Encyclopedia of Shinto
詳細表示 (Complete Article)
|2. Kami (Deities)
|Kami in Folk Religion
A misshapen supernatural demon or devil visiting this world from the other world, bringing with it disaster or blessing. Due to their fearful spiritual power, oni were considered ambivalent beings possessing the power of both good and evil, and were thus the objects of both worship and avoidance. While the character for oni was read in China as gui and referred to the soul of a deceased person, it was read in Japan variously as oni (demon), mono (an indwelling spirit), or kami.
Based on the salient characteristics of beliefs about oni, the concept of oni can be classified into three main types: (1) wicked spirits or evil kami, (2) oni as foreigners or strangers, and (3) oni as good kami. The first type bring disaster, death, and plague, and initially were considered invisible beings, but later came to have visible forms. The Nihongi notes the practice of using peaches to ward off oni, a reflection of Chinese beliefs that peaches possessed the power to control noxious spirits and demons. Other expressions found include ashikimono ("evil spirits") and matsurowanukami ("unruly kami"), terms which are believed to refer to evil kami or the tutelaries of people who opposed kingly authority in ancient times.
In contrast, the Nihon ryōiki relate incidents of demons (mono) which caused insanity, and the "evil spirit of a slave" (ashiki yatsu no reiki) which caused death. In short, such expressions referred to departed spirits which had become oni and brought curses upon those still living. Such oni were believed to be the spirits of persons who carried resentments or malice during their lifetime; the spirits or ghosts of malicious or jealous women were thought to be particularly capable of becoming the female demons called hannya. Other demons included denziens of hell, the bull-headed gozu and the horse-headed mezu.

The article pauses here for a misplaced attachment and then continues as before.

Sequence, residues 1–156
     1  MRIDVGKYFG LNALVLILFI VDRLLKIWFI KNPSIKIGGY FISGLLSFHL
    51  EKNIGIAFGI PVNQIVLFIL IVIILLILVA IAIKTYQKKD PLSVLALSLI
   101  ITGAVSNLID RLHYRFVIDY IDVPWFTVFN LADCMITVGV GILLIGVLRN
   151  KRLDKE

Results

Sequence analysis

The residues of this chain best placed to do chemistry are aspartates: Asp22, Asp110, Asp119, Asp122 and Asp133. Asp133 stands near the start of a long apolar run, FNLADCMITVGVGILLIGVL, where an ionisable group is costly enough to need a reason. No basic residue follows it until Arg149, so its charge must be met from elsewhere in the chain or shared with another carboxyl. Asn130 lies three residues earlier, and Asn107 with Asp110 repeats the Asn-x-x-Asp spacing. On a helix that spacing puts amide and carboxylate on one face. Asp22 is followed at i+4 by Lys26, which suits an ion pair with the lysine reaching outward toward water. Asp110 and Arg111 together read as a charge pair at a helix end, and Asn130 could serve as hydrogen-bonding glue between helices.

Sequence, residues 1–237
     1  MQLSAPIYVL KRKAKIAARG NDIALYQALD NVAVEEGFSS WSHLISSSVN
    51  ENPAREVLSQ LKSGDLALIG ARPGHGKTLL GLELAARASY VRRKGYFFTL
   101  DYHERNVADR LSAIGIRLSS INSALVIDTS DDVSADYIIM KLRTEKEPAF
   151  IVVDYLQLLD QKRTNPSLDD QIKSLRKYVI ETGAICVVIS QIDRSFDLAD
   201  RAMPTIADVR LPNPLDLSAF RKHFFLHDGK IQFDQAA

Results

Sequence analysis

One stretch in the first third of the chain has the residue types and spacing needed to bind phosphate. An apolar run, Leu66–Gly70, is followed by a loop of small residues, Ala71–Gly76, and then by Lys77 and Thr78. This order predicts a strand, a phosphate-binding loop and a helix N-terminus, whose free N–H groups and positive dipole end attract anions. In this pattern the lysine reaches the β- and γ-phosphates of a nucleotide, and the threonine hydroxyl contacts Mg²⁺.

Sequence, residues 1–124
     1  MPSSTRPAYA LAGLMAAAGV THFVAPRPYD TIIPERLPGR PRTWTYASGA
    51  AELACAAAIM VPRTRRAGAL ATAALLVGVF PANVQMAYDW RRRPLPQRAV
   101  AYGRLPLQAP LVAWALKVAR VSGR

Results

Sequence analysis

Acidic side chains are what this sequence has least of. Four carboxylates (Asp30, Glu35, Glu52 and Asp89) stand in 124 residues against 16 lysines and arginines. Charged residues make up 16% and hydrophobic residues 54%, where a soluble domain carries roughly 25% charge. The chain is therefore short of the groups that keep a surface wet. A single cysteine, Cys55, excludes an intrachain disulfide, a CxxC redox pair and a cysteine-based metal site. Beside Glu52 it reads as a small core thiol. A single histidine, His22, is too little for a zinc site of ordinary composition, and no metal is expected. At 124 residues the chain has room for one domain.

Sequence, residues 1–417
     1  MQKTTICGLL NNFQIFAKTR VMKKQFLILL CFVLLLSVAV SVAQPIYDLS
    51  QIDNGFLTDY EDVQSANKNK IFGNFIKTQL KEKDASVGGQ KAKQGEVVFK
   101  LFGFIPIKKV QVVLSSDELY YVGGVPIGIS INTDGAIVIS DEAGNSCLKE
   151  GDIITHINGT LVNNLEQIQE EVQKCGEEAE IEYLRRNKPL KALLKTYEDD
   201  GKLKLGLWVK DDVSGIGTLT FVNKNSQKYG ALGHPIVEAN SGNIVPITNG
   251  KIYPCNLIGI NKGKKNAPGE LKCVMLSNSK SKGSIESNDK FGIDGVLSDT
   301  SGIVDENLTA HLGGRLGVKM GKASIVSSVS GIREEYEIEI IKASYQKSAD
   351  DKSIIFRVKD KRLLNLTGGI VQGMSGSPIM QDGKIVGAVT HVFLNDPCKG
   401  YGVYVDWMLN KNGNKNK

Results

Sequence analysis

According to Zeami's Fushikaden, oni appearing in Noh drama are either vengeful spirits (onryō) who possess human beings, or demons of hell. As the visible forms of oni were represented as misshapen and weird beings, popular iconography of oni was influenced by graphic portrayals of hell demons and "hungry ghosts," as well as by the four-eyed Chinese zhuīnuó (Jp. tsuina) masks worn by the demon exorcists called fangxiàng (Jp. hōsōshi).
Such rites of "demon exorcism" or tsuina were incorporated into the Buddhist rites of Shushōe and Shunie (Omizutori) held early in the New Year; these rites featured exorcisms of demons using the power of Buddhist tutelaries such as Bishamon and heavenly bodhisattvas (hiten). These rites became popular observances on the last day of winter (setsubun), and resulted in the formation of stereotypical demon images such as Shutendōji.
A second type of oni is represented by marginalized persons, including foreigners, rebellious indigenous peoples, people drifting ashore in Japan, itinerant performers, religious thaumaturges, rebels, pirates, and mountain dwellers. According to the Nihongi, people thought to have been members of a northern people and called mishihase (or shukushin) were feared as "demons" (oni), and engaged in trade with the Yamato army through a form of Chinese "wordless exchange" which was called kishi (lit., "demon market").
The Kokoncho monjū (ca. 1254) relates a tale of naked imigrants who came ashore at the island of Okushima in the Izu area, describing them as "demons" with wild hair, round-eyes and tall, dark red bodies. Practitioners of Onmyōdō (Chinese Yin-Yang divination) were likewise viewed as "demon-like" beings since they were believed to control familiar spirits (shikigami) and cast spells.
A third type of demon can be seen in present-day observances of the aforementioned rites of Shushōue and Shunie, and popular rites around the New Year. For example, the "Flower Festival" (Hanamatsuri) held in Shidara, Aichi Prefecture features dancers called "Sakaki-oni" which invoke blessings by stamping the ground and chasing away evil spirits. Another example would be the visiting kami called namahage in Akita, represented by costumed performers wearing demon masks.